I make a mental note to tell my friends who look after Vivian to please encourage her to drink. Especially if she looks dehydrated when I’m not around.

The point of this piece isn’t to convince you of the validity of rules, or when your children should or shouldn’t drink alcohol. It is simply to record that we are all always grappling and learning how to live and be. May we all have enough wisdom, wit and love in our households to continue.


three daughters stomping Shelly’s cherries for homemade wine (2015)

Shots of Susanna

Susanna has wanted an Instax camera for a long time. We told her the reasons why we would absolutely not get her one: we already have enough cameras in the house, the film is expensive, the picture quality is poor and it’s another piece of plastic that will eventually end up in a garbage dump. Then, ten minutes before we sat down to eat her birthday lunch, I rushed to Walmart and bought her one. I couldn’t resist. Perhaps it was a terrible mistake or perhaps it was the right thing to do. In either case, she has one now. But the pictures don’t lend themselves to sharing online, so here’s my Polaroid version of of our thirteen-year-old Susie.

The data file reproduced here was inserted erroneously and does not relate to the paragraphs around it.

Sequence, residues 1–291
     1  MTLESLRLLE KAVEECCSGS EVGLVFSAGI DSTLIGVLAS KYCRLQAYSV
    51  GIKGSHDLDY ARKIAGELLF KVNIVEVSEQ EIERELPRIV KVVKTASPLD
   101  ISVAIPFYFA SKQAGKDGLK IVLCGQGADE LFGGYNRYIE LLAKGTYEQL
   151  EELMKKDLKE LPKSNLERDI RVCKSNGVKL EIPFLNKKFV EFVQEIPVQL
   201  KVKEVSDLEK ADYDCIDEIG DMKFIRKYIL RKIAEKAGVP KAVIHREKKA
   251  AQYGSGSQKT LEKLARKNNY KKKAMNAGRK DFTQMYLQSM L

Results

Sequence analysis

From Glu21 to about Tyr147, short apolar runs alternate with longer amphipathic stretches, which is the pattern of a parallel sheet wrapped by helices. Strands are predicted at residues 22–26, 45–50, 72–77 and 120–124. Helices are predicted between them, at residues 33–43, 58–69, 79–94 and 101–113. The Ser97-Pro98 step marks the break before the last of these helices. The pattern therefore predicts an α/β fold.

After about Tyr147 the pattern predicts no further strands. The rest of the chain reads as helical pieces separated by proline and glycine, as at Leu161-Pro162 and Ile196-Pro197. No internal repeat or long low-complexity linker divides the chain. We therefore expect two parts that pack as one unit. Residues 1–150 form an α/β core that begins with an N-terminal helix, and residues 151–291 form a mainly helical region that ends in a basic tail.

Susanna stands in front of the computer monitor. She wears her slouchy toque, plants her feet shoulder-width apart and holds her violin to her chin. She’s learning a new song and prefers listening, over reading the notes, to mimic the melody and phrasing.

I’m reading The Magic Fish to Vivian but I’ve read it so many times I barely need to look at the words. Instead, I watch Susanna. Even if I intended on concentrating on the book I’d be distracted. Susanna’s turned the volume up while Youtube-man plays Mazurka by E. Mlynarski as loudly as if he were playing right beside my head.

Susanna sets her jaw and purses her lips as she digs in with the bow. Her mouth twitches while she pulls hard across all four strings to emphasize each note of the chord, along with Youtube-man. In a few minutes she will switch to Madame Neruda, a fiddle tune that is fast, furious and showy. It is the kind of song that could drive a listener bonkers if they heard it repeatedly. It is also happens to be Susanna’s favourite.